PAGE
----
Brothers Colin (centre) and Doug Plumb will be participating in the event alongside their father Norm, to raise money and awareness for Parkinson’s disease. (Colin Plumb/Special to The News)

Brothers Colin (centre) and Doug Plumb will be participating in the event alongside their father Norm, to raise money and awareness for Parkinson’s disease. (Colin Plumb/Special to The News)

Former Pitt Meadows residents organizing athletic event to raise awareness for Parkinson’s

Event a tribute to their father suffering from the disease

Former Pitt Meadows residents will be hosting their Grit Day event this August to raise awareness about Parkinson’s disease and raise funds to help those suffering from it.

Colin Plumb, who was born and raised in Pitt Meadows, started the Grit Day event in 2019 with his family, after his father, Norm, was diagnosed with Parkinson’s disease. The now South Surrey resident, will be hosting this year’s Grit Day along with his brother Doug who lives in Vancouver.

“The day is designed to be a physical affair but the bigger picture is a greater sense of solidarity and community for our father who is affected by Parkinson’s and all those who are affected by the disease. But truth be told, anyone and everyone who is going through any physical or mental health ailment or issue, is welcome to get that sense of camaraderie and community,” said Colin.

The event which will start on Aug. 7 at 7 a.m., will raise money for Parkinson’s research, partnering with Parkinson’s B.C. and 100 per cent of the proceeds would go directly to the cause. Last year’s Grit Day video recap can be found here: https://bit.ly/3j4bHnP

Last year, the event raised $45,000 and this year, the goal for the event is to raise $75,000. Events such as two kilometre open water swim, half marathon, 100 kilometre cycling or spin, 10 kilometre rowing, grouse grind, 500 push-ups, 500 squats, 250 pull-ups and a 10 minute plank will be hosted throughout the day. And the event is jam-packed with activities “to push everyone and feel a physical struggle of almost what those suffering from the disease would, and the volume of activities is the only way we can do it.”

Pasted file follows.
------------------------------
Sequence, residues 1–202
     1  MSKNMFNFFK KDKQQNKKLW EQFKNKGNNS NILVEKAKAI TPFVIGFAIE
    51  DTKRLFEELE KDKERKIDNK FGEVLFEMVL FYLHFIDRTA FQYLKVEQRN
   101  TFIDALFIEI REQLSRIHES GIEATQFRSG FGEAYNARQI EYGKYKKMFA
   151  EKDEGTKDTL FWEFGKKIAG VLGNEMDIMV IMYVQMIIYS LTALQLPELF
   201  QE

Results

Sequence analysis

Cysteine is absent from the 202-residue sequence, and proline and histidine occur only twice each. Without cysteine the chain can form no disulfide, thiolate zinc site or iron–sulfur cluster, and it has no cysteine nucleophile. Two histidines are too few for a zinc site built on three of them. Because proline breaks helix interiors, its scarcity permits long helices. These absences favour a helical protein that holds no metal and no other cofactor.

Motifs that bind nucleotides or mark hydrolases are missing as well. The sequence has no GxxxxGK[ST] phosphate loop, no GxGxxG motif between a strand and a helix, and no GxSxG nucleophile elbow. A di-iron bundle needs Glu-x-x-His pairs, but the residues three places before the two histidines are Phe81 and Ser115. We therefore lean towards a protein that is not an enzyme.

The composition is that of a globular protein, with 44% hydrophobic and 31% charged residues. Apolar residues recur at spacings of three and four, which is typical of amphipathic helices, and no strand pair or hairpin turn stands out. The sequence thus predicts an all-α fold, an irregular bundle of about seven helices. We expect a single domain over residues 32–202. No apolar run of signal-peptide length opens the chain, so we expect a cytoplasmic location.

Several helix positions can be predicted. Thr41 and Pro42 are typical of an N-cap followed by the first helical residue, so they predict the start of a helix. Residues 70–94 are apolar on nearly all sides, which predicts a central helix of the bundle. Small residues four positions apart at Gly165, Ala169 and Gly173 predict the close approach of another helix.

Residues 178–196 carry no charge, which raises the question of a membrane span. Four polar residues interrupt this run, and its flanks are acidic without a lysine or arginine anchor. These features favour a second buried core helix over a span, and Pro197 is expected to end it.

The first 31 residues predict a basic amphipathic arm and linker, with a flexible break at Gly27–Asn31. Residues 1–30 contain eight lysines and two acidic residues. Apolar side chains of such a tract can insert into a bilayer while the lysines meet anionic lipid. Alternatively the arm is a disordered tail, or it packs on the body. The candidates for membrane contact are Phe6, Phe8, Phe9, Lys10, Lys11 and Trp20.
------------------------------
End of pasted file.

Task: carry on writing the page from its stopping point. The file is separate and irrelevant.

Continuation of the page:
“It’s called Grit Day because we think the word encompasses what the day is about, but most importantly what our father and those with Parkinson’s have to go through. Cliche as it may sound, they have to have grit to go through what they have to do. On some days my dad cannot even put a pillowcase on, or tie his own shoes, or brush his teeth properly, so it requires a lot of grit and resilience to go through every day,” Colin said.

Norm will also be participating in the day’s activities, if not all, as many as he can, and at his own pace.

“Knowing him and the grit that he has, he will persevere even if his body isn’t feeling that well, he will be participating for sure,” said Colin, adding that his father, who is involved in contracting for glass and alumnium railing, has always been active, headstrong and has had so much mental strength.

“I know some days where it gets the better of him physically and mentally, but on a large scale, he has changed his mentality to take this up as a challenge to overcome,” he said.

Those who want to make a donation to Colin’s personal Parkinson’s BC Grit Day page could visit this site here: https://secure2.convio.net/psbc/site/TR/Champions/Champions_TR21?px=1083945&pg=personal&fr_id=1370.

“Any and every denomination helps and donors are issued an immediate tax receipt upon donation for donations over $20,” he said adding that going through the event, all the activities and doing it together to create a sense of community will also be so important.

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